« Reply #3 on: November 18, 2010, 12:44:42 AM »
Well I guess it's a bit like having twins without ever having a single first.  You have no idea what it's like to just have one.  In other words, if you have a bilateral surgery you would not have to go through it again, so if you had only one and it was rougher than you expected you might fuss about going through it again.  My wife and I had twins, so we had no idea what we were getting into.

When it comes to my hips, though, at 41, I suspect I am looking at more than 2 surgeries down the road.  2 RS's soon and then possibly 2 THRs at 60-70 or so.  Who knows.  Right now, my right hip could probabaly go a few years, though.

Thanks for the input. 
LBHR 2/22/11, RBHR 8/23/11 - Pritchett.


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Re: Bi-lateral OA looking at RS
« Reply #4 on: November 18, 2010, 12:41:47 PM »
Just had my first resurfacing done on Aug. 24th, going in on Nov. 29th to do the second (right, less damaged) one. I also put it off, until I had major issues with my hips (dislocation on the left, pain, etc.). I'm 53 and until last year, had been trying to keep doing soccer, weights, etc. and finally gave up.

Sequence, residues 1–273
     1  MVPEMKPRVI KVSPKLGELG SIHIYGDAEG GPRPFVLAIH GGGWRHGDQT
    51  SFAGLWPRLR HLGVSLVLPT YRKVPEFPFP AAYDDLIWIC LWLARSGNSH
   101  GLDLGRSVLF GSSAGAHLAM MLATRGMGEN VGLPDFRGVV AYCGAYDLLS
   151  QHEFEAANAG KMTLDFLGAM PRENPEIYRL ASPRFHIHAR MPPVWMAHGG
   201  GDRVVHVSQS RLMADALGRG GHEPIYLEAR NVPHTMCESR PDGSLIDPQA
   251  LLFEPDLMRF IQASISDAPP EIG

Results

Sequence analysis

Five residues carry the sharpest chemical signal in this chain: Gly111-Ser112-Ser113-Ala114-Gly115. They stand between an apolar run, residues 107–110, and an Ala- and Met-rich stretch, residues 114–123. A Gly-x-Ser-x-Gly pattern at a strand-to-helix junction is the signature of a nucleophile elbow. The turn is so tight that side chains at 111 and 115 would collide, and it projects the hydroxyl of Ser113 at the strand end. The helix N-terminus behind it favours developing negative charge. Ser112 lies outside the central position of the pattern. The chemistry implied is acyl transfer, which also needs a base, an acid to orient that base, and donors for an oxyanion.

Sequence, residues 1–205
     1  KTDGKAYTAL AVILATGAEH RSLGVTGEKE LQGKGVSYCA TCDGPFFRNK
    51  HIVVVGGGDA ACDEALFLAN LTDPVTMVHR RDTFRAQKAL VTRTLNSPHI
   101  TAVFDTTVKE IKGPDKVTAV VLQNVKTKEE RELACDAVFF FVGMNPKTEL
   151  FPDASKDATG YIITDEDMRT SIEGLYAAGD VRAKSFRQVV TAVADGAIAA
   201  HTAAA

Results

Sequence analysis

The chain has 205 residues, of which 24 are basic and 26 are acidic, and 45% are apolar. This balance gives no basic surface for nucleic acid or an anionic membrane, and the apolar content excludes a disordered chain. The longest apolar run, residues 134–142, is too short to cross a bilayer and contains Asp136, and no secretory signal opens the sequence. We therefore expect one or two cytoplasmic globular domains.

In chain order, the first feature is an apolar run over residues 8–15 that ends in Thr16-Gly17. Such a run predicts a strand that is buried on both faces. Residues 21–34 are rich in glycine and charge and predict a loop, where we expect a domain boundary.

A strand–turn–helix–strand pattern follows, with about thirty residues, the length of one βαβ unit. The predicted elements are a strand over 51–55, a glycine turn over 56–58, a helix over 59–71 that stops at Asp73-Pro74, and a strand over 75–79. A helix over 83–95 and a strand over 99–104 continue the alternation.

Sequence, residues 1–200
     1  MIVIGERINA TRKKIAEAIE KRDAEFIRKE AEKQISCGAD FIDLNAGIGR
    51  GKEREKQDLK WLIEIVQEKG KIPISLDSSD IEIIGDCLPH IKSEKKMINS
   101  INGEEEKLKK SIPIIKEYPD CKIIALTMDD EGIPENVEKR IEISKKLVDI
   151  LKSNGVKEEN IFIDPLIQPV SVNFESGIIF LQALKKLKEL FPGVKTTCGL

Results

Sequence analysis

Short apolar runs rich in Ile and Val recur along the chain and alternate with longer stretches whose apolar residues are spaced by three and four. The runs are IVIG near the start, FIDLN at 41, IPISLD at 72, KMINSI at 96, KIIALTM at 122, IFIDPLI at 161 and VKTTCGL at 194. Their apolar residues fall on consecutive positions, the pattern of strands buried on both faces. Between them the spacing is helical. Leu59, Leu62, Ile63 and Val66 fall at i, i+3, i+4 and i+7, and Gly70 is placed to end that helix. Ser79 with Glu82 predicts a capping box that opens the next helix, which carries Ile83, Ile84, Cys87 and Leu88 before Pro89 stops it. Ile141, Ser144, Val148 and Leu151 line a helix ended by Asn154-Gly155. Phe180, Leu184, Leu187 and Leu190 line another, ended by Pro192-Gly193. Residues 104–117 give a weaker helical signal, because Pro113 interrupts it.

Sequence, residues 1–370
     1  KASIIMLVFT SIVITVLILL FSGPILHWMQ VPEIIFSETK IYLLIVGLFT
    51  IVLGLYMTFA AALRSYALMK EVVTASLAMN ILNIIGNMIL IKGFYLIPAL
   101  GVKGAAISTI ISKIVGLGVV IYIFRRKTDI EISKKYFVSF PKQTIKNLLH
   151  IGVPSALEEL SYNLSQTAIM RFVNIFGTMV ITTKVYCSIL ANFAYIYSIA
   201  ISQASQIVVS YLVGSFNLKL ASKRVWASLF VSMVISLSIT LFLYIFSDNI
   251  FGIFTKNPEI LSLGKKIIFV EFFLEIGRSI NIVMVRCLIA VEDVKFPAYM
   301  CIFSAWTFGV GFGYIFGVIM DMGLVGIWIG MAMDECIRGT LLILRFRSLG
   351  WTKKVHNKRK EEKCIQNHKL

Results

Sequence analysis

I can tell you that for me, the procedure has been great, not much pain and the previous pain was just gone. I have had a great experience with the surgeon, the nursing staff, the home visiting nurses and both the home and outpatient physical therapists.

One of the goals we set at the outpatient physical therapists (Bay State Physical Therapy in Franklin, MA, USA), was to strengthen the operated leg to at least equal the unoperated right leg in both range of motion (ROM) and in strength. As of two weeks ago, we had accomplished that, and am now actually exceeding it.

So although I also am following my Doctor's advice not to do both hips at once, in my case, I am looking forward to the second and am less nervous about it since the first has gone well. Just my opinion, but I am sure you can also read other stories about folks who had both hips done who also progressed well. Mine is just a testimonial that (so far) a sequential dual hip is progressing just fine.

When you do choose to do it, I think you'll find it's the best thing you've done. Again, just IMO.
Hernan, LHR 8/24/2010, RHR 11/29/2010 - Cormet, Dr. Snyder

Tin Soldier

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Re: Bi-lateral OA looking at RS
« Reply #5 on: November 19, 2010, 12:12:25 AM »
Thanks for the advice.  I think I will be similar in that I feel I'll recover pretty quick and have a good attitude about it.  Like I said before, you don't realize how much pain you are in until it goes away.  That will brighten anyone's mood.
LBHR 2/22/11, RBHR 8/23/11 - Pritchett.